Israel’s credit score was affirmed with a stable outlook by Fitch Ratings, in a surprise reprieve for the government following months of protests over a planned judicial overhaul that’s rattled investors.
(Bloomberg) — Israel’s credit score was affirmed with a stable outlook by Fitch Ratings, in a surprise reprieve for the government following months of protests over a planned judicial overhaul that’s rattled investors.
Fitch kept the sovereign rating at A+, its fifth-highest investment-grade level and on par with Saudi Arabia and Malta. In a statement on Monday, it said the government’s divisive plan “has been watered down but remains highly controversial.”
“Our base case assumes limited impact from the judicial changes beyond the protests’ impact on consumption and a delay in some capital investment decisions, although risks of a greater impact remain,” it said.
Israel’s currency traded little changed against the dollar as of 4:11 p.m. in Tel Aviv. With a loss of about 10% since late January, the shekel is among the five worst performers among a basket of major currencies tracked by Bloomberg.
The reassurance followed months of warnings from the three major credit assessors over the risks facing Israel as a result of the fallout from political and social tensions.
In a joint statement, Prime Minister Benjamin Netanyahu and Finance Minister Bezalel Smotrich seized on Fitch’s remarks as evidence of “what we have been saying all along — Israel’s economy is strong, stable and solid.”
“Israel is good for business,” they said. “Those who invest in Israel — benefit.”
Netanyahu returned to power following elections last year by forming a pact with far right, ultra-Orthodox and nationalist parties. The coalition soon rolled out plans to reduce the power of the courts, triggering mass protests from opponents who feared an erosion of the country’s democracy.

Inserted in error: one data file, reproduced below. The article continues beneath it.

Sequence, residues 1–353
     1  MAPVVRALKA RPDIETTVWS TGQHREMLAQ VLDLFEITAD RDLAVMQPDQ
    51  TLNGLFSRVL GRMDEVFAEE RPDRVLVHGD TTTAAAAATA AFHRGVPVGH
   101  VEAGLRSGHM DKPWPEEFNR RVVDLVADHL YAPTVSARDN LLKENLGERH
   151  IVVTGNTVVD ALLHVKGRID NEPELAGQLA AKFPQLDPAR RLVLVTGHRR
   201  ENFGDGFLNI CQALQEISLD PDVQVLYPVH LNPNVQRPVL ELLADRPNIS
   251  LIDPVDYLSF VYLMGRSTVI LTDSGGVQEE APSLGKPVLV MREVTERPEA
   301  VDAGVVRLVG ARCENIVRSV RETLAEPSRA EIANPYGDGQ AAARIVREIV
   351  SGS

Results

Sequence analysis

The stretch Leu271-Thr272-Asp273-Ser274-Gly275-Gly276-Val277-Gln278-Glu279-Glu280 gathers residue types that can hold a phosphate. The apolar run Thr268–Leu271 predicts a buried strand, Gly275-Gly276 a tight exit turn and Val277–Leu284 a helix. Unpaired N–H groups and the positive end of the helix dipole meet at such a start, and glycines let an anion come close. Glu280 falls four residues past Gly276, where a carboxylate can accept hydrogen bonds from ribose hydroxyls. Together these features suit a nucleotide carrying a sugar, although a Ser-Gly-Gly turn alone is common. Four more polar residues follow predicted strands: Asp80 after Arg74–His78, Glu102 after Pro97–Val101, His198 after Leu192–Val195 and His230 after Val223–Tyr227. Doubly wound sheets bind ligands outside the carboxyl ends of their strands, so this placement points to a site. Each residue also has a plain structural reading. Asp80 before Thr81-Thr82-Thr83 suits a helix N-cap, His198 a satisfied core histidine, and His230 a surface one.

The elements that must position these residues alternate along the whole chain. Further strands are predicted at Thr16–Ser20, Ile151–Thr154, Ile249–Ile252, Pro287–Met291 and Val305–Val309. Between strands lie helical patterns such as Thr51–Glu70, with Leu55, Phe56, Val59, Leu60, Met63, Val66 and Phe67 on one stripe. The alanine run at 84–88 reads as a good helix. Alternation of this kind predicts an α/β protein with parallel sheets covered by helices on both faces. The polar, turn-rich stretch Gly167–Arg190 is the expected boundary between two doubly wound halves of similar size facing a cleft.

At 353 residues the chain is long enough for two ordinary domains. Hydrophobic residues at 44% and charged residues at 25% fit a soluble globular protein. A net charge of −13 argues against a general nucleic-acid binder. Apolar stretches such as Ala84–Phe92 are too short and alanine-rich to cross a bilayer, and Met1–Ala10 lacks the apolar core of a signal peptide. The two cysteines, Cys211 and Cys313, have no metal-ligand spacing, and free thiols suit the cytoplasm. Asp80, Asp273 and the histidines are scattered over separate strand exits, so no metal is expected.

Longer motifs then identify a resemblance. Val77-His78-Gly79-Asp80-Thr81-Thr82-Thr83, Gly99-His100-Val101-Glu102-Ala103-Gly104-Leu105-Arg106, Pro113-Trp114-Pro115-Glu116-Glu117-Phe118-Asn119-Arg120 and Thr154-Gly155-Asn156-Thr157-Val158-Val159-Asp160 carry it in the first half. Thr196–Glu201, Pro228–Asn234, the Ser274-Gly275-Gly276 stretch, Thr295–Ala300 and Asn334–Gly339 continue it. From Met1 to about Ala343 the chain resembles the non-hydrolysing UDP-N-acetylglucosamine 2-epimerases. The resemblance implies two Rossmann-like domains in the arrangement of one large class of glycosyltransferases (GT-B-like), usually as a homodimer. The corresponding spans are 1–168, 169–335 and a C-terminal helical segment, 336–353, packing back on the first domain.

Though the effort was briefly suspended in March, negotiations to find a compromise between Netanyahu’s cabinet and the opposition eventually broke down. In late July, parliament passed legislation that prevents judges from voiding government decisions they deem “unreasonable” during a session that was boycotted by opposition lawmakers.
Netanyahu and his supporters argue that the current system has given judges too much power. Opponents say the country’s political structure means the judiciary is the only real check on politicians.
In an interview this month, Netanyahu said his government would also seek to change the way judges are selected, prompting a backlash from Israel’s opposition and protest movement. Though the prime minister promised to negotiate, he said the government would move forward with the measure if it gets enough support for it from the public.
“The changes may have a negative impact on Israel’s credit metrics if the weakening of institutional checks leads to worse policy outcomes or sustained negative investor sentiment or weakens governance indicators,” Fitch analysts led by Cedric Julien Berry said in the report. “Fitch considers the current measures are unlikely to trigger a material exodus of talent and capital in the high-tech sector.”
The rating company attributed much of the decline in funds raised by Israel’s high-tech industry this year to “global trends” and said it was hard to estimate how much the political turmoil had affected investors.
“Uncertainty generated by the judicial changes only partly explains this,” Fitch said. “The sector’s diversification and maturity provide substantial resistance to shocks, although some segments are likely to suffer from more constrained funding options.”
(Updates with details and context from fourth paragraph.)
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